3. The tendency of a body to persevere in a given state, either of motion or rest, until disturbed by another body: Greg was in a state of passivity while in bed sleeping, but this was suddenly changed when the fire alarm went off in his building!
4. Chemical inactivity: Passivity pertains particularly to the resistance to corrosion of certain metals when covered with a coherent oxide layer.
patience (s) (noun), patiences (pl)
The capacity, habit, or fact of being calm and enduring pain, or affliction, with composure and without complaint; calm endurance, forbearance: When Jane was making some bread using yeast, she had to have a lot of patience for the dough to rise.

A lack of pep is often mistaken for patience.

—Ken Hubbard

Endurance is patience concentrated.

—Thomas Carlyle

He that can have patience can have what he will.

—Benjamin Franklin

Patience is power; with time and patience the mulberry leaf becomes silk.

—Chinese Proverb

If you would know strength and patience, welcome the company of trees.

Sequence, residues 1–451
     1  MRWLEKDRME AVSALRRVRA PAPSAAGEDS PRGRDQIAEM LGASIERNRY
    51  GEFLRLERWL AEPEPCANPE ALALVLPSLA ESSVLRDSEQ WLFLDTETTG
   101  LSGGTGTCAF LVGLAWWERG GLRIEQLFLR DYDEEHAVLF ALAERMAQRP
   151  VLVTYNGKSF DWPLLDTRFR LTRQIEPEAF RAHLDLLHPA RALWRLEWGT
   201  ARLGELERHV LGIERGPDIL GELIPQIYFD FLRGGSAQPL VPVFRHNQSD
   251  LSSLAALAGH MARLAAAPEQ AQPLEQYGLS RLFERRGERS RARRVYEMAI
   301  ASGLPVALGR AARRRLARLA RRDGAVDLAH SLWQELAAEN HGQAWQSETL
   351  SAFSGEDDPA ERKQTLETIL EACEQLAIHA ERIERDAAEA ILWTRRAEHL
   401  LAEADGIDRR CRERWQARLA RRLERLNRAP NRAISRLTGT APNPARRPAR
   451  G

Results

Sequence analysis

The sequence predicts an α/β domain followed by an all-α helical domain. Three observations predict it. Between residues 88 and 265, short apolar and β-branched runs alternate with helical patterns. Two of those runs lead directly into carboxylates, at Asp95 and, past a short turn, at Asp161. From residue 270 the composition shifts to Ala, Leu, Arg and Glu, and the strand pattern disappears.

—Hal Borland

Patience is a quality that is most needed when it is exhausted and it's also the ability to do something else while waiting. Patience is the most important virtue to cultivate if you are always punctual.

—Evan Esar

Fortune knocks but once, but misfortune has much more patience.

—Laurence J. Peter

Nature, time, and patience are the three great physicians.

—Bulgarian proverb
patient (s) (noun), patients (pl)
An animal or human being that is treated by a medical person or doctor: The patients in the waiting room had to wait patiently and calmly for their turn to see the doctor.

Quiz If you would like to take a couple of self-scoring quizzes over some of the words in this section, then click on the Pati-Quiz links below.

Quiz Self-scoring Pass-, Pati- Quiz #1.

Quiz Self-scoring Pass-, Pati- Quiz #2.

Related-word units meaning feeling: aesth-; senso-; patho-.